I’ve been working full-time from home for 30 years now. If I could manage it with a 28.8K modem internet connection back in the day, you can do it today in the age of broadband.
Broadband: You need the internet to work successfully from home. The faster your connection, the better. If you live alone — or at least if you’re home alone during your normal working hours — and if your work is mostly text-based, a connection of just 5Mbps should be enough.
But if it’s the coronavirus that’s keeping you at home and you have a partner who’s also working online and kids with little else to do than stream Netflix or Disney+, you’ll need more, at least a 25Mbps connection.
Videoconferencing: You’ll also need fast broadband if you’re going to be attending videoconferencing meetings with your co-workers. You should also, of course, install the app for whichever videoconferencing service your company has standardised on.
It doesn’t have one? Almost all the videoconferencing services are offering free packages so you can give them a try. Personally, I like Zoom, even with its privacy concerns. If you’ve never done videoconferencing before, check out this guide to videoconferencing so you can make the most of it and avoid foolish mistakes.
Instant messaging/real-time group chat: If your office has standardised around Slack or Microsoft Teams, clearly you’ll need one or the other at home. My preference is good old Internet Relay Chat (IRC) or the more modern Google Hangouts Chat. If you want to run your own open-source, cloud-based service, check out Mattermost.
Remote desktop: Do you need access to your office desktop because your laptop doesn’t cut it? It’s always best to have a business laptop that you can use in a pinch as a do-anything, ready-to-run work desktop. But if you don’t, check out such remote desktop programs as TeamViewer, SplashTop or Microsoft Remote Desktop (MRD). But forget about Apple Remote Desktop. It just doesn’t work well.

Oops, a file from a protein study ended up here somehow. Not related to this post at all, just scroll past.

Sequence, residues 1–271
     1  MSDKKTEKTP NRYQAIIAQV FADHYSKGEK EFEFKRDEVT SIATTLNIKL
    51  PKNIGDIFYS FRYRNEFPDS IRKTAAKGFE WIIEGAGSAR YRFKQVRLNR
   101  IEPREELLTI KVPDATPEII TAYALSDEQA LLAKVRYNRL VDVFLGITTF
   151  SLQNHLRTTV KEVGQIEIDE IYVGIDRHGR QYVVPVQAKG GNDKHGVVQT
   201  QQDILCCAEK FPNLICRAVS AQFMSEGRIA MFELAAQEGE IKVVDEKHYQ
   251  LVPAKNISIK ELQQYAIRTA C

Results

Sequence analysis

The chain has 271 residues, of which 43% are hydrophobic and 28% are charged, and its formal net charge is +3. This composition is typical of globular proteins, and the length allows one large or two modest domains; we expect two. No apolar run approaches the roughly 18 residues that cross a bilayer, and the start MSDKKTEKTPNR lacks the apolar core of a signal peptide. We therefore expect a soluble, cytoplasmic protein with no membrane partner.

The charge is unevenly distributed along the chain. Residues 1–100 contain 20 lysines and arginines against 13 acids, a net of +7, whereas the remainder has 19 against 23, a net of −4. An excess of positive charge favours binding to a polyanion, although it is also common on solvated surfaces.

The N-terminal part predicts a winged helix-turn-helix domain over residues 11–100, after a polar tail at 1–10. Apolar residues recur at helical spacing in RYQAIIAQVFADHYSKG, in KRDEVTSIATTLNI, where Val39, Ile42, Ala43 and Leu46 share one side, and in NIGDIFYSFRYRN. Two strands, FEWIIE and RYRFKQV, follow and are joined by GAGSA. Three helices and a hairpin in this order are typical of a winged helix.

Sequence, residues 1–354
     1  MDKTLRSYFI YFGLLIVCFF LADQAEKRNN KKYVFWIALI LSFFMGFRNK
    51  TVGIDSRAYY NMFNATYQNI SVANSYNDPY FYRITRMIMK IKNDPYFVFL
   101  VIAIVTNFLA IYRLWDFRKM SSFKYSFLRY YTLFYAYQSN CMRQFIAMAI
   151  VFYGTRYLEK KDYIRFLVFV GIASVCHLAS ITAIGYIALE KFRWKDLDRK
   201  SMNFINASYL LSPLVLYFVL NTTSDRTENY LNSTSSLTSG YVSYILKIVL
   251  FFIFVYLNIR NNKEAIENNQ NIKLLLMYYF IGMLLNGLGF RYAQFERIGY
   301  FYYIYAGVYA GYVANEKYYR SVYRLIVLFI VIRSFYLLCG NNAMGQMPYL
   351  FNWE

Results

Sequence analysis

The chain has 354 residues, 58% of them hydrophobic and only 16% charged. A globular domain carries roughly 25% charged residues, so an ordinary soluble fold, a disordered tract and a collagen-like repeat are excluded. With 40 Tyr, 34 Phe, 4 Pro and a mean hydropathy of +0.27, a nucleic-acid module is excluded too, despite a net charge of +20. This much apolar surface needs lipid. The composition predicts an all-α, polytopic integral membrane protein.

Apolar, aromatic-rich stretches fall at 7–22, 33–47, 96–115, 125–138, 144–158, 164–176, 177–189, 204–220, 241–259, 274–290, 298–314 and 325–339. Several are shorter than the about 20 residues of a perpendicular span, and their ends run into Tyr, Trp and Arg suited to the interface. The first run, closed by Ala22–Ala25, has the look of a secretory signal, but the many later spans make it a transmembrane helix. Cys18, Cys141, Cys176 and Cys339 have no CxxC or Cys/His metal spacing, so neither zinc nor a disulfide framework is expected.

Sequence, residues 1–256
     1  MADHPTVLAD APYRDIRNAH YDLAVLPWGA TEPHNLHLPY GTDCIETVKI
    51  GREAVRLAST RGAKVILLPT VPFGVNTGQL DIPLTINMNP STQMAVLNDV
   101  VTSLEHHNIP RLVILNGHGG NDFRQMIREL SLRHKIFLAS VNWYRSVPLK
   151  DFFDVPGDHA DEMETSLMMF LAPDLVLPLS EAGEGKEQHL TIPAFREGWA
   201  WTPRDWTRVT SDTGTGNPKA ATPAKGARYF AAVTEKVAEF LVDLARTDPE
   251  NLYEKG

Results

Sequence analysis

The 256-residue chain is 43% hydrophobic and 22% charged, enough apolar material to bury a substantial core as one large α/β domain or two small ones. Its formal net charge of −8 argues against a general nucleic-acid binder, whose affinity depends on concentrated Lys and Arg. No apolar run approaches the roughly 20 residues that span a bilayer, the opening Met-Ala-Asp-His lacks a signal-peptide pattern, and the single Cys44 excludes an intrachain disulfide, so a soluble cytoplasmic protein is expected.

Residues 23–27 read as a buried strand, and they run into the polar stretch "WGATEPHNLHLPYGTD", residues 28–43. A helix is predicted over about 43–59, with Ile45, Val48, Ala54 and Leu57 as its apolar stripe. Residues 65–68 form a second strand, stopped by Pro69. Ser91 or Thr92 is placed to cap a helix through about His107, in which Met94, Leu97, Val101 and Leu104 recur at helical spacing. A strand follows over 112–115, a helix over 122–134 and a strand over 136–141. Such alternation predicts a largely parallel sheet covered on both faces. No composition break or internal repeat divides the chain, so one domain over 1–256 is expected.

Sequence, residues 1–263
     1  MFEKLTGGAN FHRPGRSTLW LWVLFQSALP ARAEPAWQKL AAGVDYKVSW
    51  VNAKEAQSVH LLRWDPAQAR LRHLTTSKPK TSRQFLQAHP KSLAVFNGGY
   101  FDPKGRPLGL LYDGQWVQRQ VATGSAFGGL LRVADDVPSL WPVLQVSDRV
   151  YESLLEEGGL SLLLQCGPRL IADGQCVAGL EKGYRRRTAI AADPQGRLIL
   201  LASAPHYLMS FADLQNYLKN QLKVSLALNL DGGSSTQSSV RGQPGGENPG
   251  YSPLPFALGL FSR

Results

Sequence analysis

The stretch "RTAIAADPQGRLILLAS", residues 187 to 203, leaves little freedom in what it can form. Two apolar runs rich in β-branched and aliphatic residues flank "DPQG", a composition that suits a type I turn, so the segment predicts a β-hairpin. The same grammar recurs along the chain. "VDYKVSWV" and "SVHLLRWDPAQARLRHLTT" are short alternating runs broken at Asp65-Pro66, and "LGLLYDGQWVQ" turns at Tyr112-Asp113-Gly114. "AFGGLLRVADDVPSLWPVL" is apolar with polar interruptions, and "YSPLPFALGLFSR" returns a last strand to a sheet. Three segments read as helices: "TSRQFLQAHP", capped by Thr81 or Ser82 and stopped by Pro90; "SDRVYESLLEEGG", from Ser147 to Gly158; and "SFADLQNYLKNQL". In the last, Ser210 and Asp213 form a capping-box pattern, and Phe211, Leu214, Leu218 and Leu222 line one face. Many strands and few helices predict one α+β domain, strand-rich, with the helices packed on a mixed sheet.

Windows: Don’t patch your Windows 10 computer unless you must. Windows 10’s patches are infamous for going wrong. It’s bad enough that your office IT staff has to cope with them. You really don’t want to try to troubleshoot them at home on your own.
Time management: Need to track your time? Check out Timely. It enables you to both schedule work jobs and track the time you actually spend on them. That said, the only way I can track what’s due when is with Google Calendar. The business calendar version is part of G Suite.
Project management: There are a lot of project management programs out there, but it’s hard to beat Basecamp. It’s full-featured and remarkably affordable: $99 a month, with unlimited users with no user fees or project limits.
For workflow management, you should check out Asana. But, fair warning, it’s so flexible that if you don’t set it up right from the get-go, you can end up with a messy spaghetti diagram. That’s not a tasty dish.
That’s the tech side. Here are some suggestions on how to keep your sanity based on my decades of doing this.